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COVID-19 associated phrenic nerve mononeuritis: a case series
  1. Sheonagh MacPhail Law1,
  2. Kathryn Scott2,
  3. Ahmed Alkarn2,3,
  4. Aisha Mahjoub4,
  5. Arup K Mallik4,
  6. Giles Roditi5,6,
  7. Brian Choo-Kang7
  1. 1 Respiratory Medicine, NHS Forth Valley, Stirling, UK
  2. 2 Respiratory Medicine, Glasgow Royal Infirmary, Glasgow, UK
  3. 3 Faculty of Medicine, Assiut University, Assiut, Egypt
  4. 4 Institute of Neurological Studies, Queen Elizabeth University Hospital, Glasgow, UK
  5. 5 Department of Radiology, Glasgow Royal Infirmary, Glasgow, UK
  6. 6 Institute of Cardiovascular and Medical Sciences, University of Glasgow, Glasgow, UK
  7. 7 Department of Respiratory Medicine, Glasgow Royal Infirmary, Glasgow, UK
  1. Correspondence to Dr Sheonagh MacPhail Law, Respiratory Medicine, NHS Forth Valley, Stirling, UK;{at}


This study characterised the hemidiaphragm elevation on 3-month interval chest X-rays (CXRs) of patients post COVID-19 pneumonia. 467 CXRs were screened; 19 (4.1%) had an elevated hemidiaphragm. There were 15 (3.2%) patients of interest with new hemidiaphragm elevation, persisting on average 7 months post COVID-19 diagnosis. Symptomatic patients underwent diaphragm ultrasound (n=12), pulmonary function test (n=10), muscle function test (n=6) and neurophysiology (n=5), investigating phrenic nerve function. Ultrasound demonstrated reduced/paradoxical diaphragmatic movements in eight; four of eight had reduced thickening fraction. Neurophysiology peripheral limb studies did not support the differential diagnoses of critical illness neuropathy/myopathy. We propose that, in selected patients, COVID-19 may cause phrenic nerve mononeuritis.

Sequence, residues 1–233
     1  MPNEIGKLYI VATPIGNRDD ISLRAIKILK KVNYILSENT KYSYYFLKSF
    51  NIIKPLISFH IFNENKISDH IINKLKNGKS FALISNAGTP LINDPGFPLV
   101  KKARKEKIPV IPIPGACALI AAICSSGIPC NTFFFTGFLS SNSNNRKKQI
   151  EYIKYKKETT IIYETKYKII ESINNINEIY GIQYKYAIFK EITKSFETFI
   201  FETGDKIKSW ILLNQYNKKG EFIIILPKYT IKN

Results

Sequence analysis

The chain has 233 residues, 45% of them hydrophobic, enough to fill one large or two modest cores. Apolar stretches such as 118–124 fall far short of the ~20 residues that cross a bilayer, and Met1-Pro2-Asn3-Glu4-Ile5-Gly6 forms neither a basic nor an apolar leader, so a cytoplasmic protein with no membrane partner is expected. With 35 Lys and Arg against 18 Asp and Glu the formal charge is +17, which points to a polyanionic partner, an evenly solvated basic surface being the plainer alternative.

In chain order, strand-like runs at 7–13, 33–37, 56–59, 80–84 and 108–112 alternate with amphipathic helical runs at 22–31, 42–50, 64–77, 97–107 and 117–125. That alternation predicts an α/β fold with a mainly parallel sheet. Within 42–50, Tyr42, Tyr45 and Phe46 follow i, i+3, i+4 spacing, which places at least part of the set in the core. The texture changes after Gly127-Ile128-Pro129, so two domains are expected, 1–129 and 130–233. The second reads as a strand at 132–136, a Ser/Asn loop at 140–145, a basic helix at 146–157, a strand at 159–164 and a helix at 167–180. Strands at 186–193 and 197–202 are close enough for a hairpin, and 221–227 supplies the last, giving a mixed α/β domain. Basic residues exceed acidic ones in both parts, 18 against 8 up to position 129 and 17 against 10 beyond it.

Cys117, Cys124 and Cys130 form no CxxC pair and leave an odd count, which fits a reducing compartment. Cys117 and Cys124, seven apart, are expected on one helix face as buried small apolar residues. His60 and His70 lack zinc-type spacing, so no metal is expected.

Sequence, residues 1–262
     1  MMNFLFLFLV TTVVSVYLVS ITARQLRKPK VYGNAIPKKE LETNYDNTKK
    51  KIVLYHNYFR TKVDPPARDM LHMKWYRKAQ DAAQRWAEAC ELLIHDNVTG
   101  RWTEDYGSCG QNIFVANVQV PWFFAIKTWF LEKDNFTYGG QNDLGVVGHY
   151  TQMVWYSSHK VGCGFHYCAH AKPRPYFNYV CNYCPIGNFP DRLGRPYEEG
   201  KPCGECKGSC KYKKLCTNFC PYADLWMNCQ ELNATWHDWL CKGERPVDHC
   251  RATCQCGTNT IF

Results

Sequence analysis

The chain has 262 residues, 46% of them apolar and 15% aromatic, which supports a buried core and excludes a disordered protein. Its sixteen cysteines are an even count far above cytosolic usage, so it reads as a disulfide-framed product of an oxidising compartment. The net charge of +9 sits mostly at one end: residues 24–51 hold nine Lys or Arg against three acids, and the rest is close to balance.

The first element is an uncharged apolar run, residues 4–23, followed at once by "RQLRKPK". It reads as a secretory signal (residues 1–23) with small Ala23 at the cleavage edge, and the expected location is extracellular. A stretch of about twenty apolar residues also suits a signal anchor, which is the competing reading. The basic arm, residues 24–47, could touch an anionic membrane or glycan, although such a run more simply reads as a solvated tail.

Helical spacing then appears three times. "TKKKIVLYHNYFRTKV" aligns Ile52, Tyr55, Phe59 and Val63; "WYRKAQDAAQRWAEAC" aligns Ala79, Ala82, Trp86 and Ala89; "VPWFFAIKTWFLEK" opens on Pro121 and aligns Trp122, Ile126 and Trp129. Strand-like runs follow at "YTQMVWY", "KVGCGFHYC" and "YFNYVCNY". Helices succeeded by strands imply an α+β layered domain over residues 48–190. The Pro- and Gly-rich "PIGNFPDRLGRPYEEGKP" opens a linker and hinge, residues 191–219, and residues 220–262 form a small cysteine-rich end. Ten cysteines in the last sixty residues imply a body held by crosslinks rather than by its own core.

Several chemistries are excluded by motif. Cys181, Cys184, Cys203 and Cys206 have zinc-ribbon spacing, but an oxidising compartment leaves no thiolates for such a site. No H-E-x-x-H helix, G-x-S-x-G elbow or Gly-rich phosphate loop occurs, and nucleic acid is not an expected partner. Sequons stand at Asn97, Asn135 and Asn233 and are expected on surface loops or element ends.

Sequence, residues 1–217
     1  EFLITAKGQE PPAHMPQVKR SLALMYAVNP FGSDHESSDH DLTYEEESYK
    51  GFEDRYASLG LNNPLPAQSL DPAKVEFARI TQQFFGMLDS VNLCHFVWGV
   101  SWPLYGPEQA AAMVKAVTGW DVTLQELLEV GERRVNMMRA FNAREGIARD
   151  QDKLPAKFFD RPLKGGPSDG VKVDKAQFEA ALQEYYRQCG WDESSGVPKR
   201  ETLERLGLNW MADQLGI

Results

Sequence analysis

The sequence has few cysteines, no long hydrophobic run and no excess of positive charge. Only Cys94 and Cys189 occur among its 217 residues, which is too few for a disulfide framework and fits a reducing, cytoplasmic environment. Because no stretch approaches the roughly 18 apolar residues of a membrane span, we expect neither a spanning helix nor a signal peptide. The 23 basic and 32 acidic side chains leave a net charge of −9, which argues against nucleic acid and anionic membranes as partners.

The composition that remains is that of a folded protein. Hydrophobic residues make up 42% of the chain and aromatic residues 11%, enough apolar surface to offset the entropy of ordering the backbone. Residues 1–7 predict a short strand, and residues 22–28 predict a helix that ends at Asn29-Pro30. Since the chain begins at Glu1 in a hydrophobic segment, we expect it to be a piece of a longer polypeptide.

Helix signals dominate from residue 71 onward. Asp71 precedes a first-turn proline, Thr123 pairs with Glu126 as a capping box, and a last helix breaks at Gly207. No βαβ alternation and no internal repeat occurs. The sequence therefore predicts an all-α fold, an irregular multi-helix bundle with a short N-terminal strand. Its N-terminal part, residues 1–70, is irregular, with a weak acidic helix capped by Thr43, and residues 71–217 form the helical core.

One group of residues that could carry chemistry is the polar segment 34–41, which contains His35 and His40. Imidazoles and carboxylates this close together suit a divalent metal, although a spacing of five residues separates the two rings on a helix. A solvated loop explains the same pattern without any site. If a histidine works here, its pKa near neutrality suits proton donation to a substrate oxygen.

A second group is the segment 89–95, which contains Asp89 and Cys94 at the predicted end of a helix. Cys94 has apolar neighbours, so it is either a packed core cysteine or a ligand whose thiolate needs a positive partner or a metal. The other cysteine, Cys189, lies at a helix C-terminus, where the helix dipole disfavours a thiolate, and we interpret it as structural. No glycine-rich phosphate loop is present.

• COVID-19
  • Respiratory Muscles
  • Imaging/CT MRI etc

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  • Contributors Conception and design: SML, BC-K. Data collection: SML, KS, AA, AKM, AM, BC-K. Analysis and interpretation of data: SML, BC-K. Drafting of the article: SML. Critical revision of the article for important intellectual content: SML, AKM, GR, BC-K. Final approval of the article: SML, KS, AA, AM, AKM, GR, BC-K. Provision of study materials or patients: KS, GR, BC-K.

  • Funding The authors have not declared a specific grant for this research from any funding agency in the public, commercial or not-for-profit sectors.

  • Competing interests None declared.

  • Provenance and peer review Not commissioned; externally peer reviewed.

  • Supplemental material This content has been supplied by the author(s). It has not been vetted by BMJ Publishing Group Limited (BMJ) and may not have been peer-reviewed. Any opinions or recommendations discussed are solely those of the author(s) and are not endorsed by BMJ. BMJ disclaims all liability and responsibility arising from any reliance placed on the content. Where the content includes any translated material, BMJ does not warrant the accuracy and reliability of the translations (including but not limited to local regulations, clinical guidelines, terminology, drug names and drug dosages), and is not responsible for any error and/or omissions arising from translation and adaptation or otherwise.